As a number of the artists participating in To Dream Avant-Garde, curated by Alteronce Gumby at Hammond Harkins Galleries, are engaged in rather exciting and extremely current practices, we can assume the avant-garde in this case represents the latter view, rather than the former. The show includes work by young guns like Aaron Fowler and Tariku Shiferaw, as well as that of long-established practitioners like Faith Ringgold, who grew up in Harlem on the heels of the Harlem Renaissance — the centennial of which is being celebrated citywide in Columbus this year. To Dream Avant-Garde is Hammond Harkins’s piece of dedicated programming within I, Too Sing America: The Harlem Renaissance at 100, and unsurprisingly, every featured artist and participant is reflective of the collective flourishing of artists of color in the mainstream, due in part to the influence of that movement.
“As an acknowledgment to those innovators, who were also dreamers of an American identity and country to call their own,” wrote Gumby in his curatorial statement, “the artists in this exhibition display a survey of ideas, intention and materials that invoke the legacy and culture of Harlem.”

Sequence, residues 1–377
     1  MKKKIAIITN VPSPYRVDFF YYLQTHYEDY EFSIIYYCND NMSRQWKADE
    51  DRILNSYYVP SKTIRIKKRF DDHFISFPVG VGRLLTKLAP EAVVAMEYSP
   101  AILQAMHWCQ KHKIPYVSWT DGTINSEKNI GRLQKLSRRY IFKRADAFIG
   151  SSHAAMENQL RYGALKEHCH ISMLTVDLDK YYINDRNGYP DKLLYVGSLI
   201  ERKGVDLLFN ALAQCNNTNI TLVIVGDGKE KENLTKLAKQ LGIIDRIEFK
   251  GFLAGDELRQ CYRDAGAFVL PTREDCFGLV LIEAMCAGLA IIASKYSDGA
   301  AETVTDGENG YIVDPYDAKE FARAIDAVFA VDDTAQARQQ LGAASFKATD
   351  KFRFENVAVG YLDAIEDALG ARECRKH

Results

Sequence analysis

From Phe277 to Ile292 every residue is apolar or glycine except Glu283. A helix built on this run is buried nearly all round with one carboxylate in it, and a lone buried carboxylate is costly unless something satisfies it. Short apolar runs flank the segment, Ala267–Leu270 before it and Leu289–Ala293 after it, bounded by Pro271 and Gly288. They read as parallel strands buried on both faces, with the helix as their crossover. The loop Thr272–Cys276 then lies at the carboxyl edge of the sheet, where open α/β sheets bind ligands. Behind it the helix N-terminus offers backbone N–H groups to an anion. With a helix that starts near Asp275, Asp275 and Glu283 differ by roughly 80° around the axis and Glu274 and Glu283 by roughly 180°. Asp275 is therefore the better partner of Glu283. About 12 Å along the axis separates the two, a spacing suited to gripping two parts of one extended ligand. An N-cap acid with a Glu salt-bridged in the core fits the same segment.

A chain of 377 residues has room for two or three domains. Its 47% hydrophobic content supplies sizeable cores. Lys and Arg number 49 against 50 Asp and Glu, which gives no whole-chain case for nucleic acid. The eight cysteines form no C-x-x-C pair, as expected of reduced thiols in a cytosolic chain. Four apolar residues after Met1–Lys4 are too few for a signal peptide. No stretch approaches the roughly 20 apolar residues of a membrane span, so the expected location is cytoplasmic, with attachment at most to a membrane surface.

Through a series of eclectic choices, Gumby extends his cohort beyond a sense of kinship — which is ultimately a compulsory kind of relationship — into an air of riffing and conversation more characteristic of friendship. From Lucia Hierro’s digital print collages mounted on felt pillow-like canvases that were expressly forbidden from being hung on walls, to a partition by Eric N. Mack, comprised of pegboard panels embellished with rope and acrylic, to a series of hanging blown-glass ornaments containing evocative hand-stitched iconography by Leslie Jimenez, and Tschabalala Self’s loose, figurative study of cans of incense, there is a feel of abstraction on the edges of everyday objects. This kind of culture-bending is, arguably, owed its own chapter within the mapping of the avant-garde, a kind of remaking and customization of Duchampian readymades; a different approach to cultivating the stuff of life to the stuff of art…………….


“Puccini in Love”  surveys mostly well-known love duets from Puccini’s canon. Because the music will be familiar to opera aficionados, the album’s success or failure depends on whether the interpreters can make the familiar fresh. 


 Selecting from over 4 million objects, director Wes Anderson and his partner, illustrator Juman Malouf, have curated a unique, genre- and century-crossing exhibition at the Kunsthistorisches Museum Vienna.


Wes Anderson and Juman Malouf with Sabine Haag in front of a hall of portraits in Vienna (KHM-Museumsverband/Rafaela Proell)
Larger-than-life personalities